Mother Serena 'can fix everything', says Li
28 Sep 2017 - 22:36
Wuhan, China: Chinese great Li Na backed Serena Williams to pull off a quickfire return to tennis after the birth of her first child -- but said there was no way she could have rushed back to the sport.
Williams, 36, has spoken of her "outrageous" plans to defend her title at the Australian Open in January, less than five months after giving birth to her baby daughter on September 1.
Li, who announced she was pregnant two months after retiring in 2014, said she wouldn't have been able to leave her own young daughter, adding that she had probably only hit a tennis ball 10 times since quitting the sport and becoming a mother.
"Serena can fix everything," Li said, referring to the challenge of being a tennis-playing parent. "But if I think about myself, I couldn't do that. With a baby so young, I couldn't leave them."
Asked if she missed tennis, the two-time Grand Slam-winner told reporters at the Wuhan Open that she hankered after the "fight and competition" but that she had left that side of herself behind.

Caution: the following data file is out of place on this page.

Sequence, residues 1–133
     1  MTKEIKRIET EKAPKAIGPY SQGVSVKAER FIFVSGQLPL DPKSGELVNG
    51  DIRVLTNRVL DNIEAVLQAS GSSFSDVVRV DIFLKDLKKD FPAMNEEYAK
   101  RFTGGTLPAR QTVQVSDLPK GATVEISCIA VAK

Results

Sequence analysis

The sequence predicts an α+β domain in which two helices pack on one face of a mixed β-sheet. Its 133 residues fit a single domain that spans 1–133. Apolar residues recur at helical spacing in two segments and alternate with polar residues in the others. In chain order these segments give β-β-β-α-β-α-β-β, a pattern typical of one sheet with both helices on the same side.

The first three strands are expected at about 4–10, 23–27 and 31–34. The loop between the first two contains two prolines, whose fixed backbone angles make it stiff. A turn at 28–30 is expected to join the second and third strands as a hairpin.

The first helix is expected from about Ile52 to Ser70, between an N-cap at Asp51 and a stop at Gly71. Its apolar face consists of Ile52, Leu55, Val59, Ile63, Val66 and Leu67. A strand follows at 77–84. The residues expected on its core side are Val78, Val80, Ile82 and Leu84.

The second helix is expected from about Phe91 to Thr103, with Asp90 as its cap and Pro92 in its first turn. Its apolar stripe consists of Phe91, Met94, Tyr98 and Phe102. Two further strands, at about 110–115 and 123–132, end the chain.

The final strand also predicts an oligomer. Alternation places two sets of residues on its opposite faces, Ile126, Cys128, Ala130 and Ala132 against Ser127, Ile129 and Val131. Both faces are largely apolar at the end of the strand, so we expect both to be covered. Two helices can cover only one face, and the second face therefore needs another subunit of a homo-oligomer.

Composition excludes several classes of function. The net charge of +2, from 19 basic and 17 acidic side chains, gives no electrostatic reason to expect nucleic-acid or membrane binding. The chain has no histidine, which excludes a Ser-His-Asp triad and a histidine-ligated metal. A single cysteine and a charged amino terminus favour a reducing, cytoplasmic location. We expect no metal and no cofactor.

"Now I just follow," said Li, whose daughter is now two and who also has a baby son.
Other former stars have wondered whether Williams, a 23-time major-winner, would be able to regain top form so soon after having her daughter, Alexis Olympia Ohanian.
Kim Clijsters, who retired for two years and became a mother before returning to win the 2009 US Open, said it depends on "how your body reacts -- everybody reacts different in those situations".
American Mary Joe Fernandez also said she could not have played as a mother to young kids but that "Serena is an exception to a lot of rules".
But Williams's good friend Caroline Wozniacki said the new mother remained "focused" on her comeback.
"I think she's going to do a strong comeback but I think at the same time she's enjoying being a mum as well and getting that whole experience. I think it's very special," Wozniacki said in Wuhan.
Li, a native of Wuhan and a global ambassador for her hometown tournament, appeared uncertain as to whether she would be happy if her children grew up to become tennis players.
"I would be happy of course, the sport can change you a lot, it can make a child stronger," she said, adding that the constant travelling is "very tough".
"It's not easy to continue for so many years, to do the same thing and no time with family," she said.